Samatar Ahmed Botan is a PhD candidate at the Faculty of Archaeology, Leiden University. He previously completed his Bachelor’s and Master’s degrees in Leiden, as well as a second Research Master’s degree at the Sultan Qaboos University in Muscat, Oman. Samatar is a ceramics specialist, with multiple years of fieldwork experience including campaigns in Syria, Portugal, Kurdistan, Oman and the United Arab Emirates, and he has co-authored several academic publications and excavation reports from sites in Oman. For his doctoral research, Sam works towards a detailed and nuanced understanding of the maritime trade routes that connected the Horn of Africa and the Indian Subcontinent in the first half of the first millennium CE, by focusing on a statistical and interpretative analyses of ceramics from the Aksumite empire in the Horn of Africa (80 BCE-800 CE). Samatar continues to be involved in projects in the Persian Gulf as a ceramics specialist, such as the Hili 14 project and the Understanding Prehistoric Settlement Dynamics at Shimal project.
Interactive workshop on Inclusive Research by Aminata Cairo.
Sean Desjardins, RUG (moderator)
James Symonds, UvA
Taariq Ali Sheik, VU
Joseph Sony Jean, LU/KITLV
Maia Casna, LU
Also this year we invite students to present their research through a poster presentation! During the ARCHON Day the audience will vote for the best poster presentation. The prize will be a personal research subsidy for publication costs/open access costs/translation costs up to max. 400 euro’s.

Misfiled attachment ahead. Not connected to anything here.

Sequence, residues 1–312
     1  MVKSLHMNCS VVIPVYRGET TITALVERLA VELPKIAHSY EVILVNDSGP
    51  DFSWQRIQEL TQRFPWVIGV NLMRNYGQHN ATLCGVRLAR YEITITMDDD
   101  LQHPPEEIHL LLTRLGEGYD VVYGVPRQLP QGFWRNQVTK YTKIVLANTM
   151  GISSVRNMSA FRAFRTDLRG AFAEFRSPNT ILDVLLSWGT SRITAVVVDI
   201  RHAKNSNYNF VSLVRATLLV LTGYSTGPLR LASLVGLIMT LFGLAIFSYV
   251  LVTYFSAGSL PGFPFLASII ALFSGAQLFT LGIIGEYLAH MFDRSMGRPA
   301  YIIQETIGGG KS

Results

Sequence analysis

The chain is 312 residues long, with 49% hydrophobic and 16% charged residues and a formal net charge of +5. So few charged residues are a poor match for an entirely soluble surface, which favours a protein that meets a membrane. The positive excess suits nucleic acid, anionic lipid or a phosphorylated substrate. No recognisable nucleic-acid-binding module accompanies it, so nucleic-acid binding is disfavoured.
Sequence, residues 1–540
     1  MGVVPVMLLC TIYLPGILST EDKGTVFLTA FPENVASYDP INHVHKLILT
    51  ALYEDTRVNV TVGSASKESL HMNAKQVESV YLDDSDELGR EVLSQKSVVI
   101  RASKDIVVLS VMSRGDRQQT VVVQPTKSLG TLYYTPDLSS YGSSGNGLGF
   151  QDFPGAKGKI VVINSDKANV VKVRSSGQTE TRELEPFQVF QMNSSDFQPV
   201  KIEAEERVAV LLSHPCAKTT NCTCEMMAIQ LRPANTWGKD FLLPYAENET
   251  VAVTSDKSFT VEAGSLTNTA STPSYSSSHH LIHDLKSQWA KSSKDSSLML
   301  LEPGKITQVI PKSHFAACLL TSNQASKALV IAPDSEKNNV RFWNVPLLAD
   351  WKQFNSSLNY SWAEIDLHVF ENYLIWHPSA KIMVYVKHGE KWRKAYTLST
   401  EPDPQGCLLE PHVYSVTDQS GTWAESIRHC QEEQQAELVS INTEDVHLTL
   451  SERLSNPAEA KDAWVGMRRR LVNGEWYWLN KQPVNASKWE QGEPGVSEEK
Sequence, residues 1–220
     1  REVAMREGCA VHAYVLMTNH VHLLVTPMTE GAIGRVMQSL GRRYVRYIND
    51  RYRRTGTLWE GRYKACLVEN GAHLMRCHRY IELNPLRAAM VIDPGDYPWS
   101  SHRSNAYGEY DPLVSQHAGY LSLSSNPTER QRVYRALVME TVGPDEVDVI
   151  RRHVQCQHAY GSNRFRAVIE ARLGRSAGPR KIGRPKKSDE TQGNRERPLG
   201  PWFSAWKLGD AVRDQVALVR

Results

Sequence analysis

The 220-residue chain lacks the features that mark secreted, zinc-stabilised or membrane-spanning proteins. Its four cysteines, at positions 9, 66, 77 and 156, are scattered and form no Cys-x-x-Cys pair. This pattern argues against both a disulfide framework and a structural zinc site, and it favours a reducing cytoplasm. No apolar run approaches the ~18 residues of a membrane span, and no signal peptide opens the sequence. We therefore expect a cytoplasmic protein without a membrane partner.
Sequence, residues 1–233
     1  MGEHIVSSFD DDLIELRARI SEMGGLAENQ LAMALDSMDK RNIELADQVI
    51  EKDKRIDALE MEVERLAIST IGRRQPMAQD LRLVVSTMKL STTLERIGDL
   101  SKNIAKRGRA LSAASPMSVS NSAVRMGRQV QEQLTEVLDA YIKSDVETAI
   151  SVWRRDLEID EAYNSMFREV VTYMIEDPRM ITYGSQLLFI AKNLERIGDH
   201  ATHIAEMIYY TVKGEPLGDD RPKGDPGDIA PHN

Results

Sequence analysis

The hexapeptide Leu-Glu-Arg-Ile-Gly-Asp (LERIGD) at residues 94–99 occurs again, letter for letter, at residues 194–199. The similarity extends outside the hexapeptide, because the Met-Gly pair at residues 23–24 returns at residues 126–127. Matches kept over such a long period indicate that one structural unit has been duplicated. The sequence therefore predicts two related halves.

- The maximum poster size is A0 format, which corresponds to 84 cm (width) x 118.8 cm (length). Your poster can have a smaller size, but keep an eye on the maximum length and width.
- Use the portrait format.
- Be creative! 🙂
Congress review assignment:
This year we ask students to write a ‘congress review’ about the ARCHON Day 2021 for KLEOS, Amsterdam Bulletin of Ancient Studies and Archaeology. A congress review is ca. 750 – 1500 words and is not peer-reviewed. The review should assess the congress’s strengths and weaknesses and locate it within the current field of scholarship. The review should not simply be a listing of contents, but discuss and evaluate it critically, though the review’s overall organization and emphasis are up to the individual reviewer.
Submit your congress review on 29 November latest, to firstname.lastname@example.org and email@example.com. Please also state if you want your review to be considered for publication or not. KLEOS will decide on the best review, which will be published in KLEOS issue 5 (launched in April/May 2022).
For examples of congress reviews that were published in KLEOS, please see the following links:
1 EC for attending and handing in a review (see below)
1 EC for giving a poster presentation
2 EC for attending, handing in a review and giving a poster presentation
The ARCHON Day will be held in the Allard Pierson Museum in Amsterdam. Since this is a cultural institution, they request a valid QR-code in the corona check app. Please keep this in mind, and make sure to bring a valid code!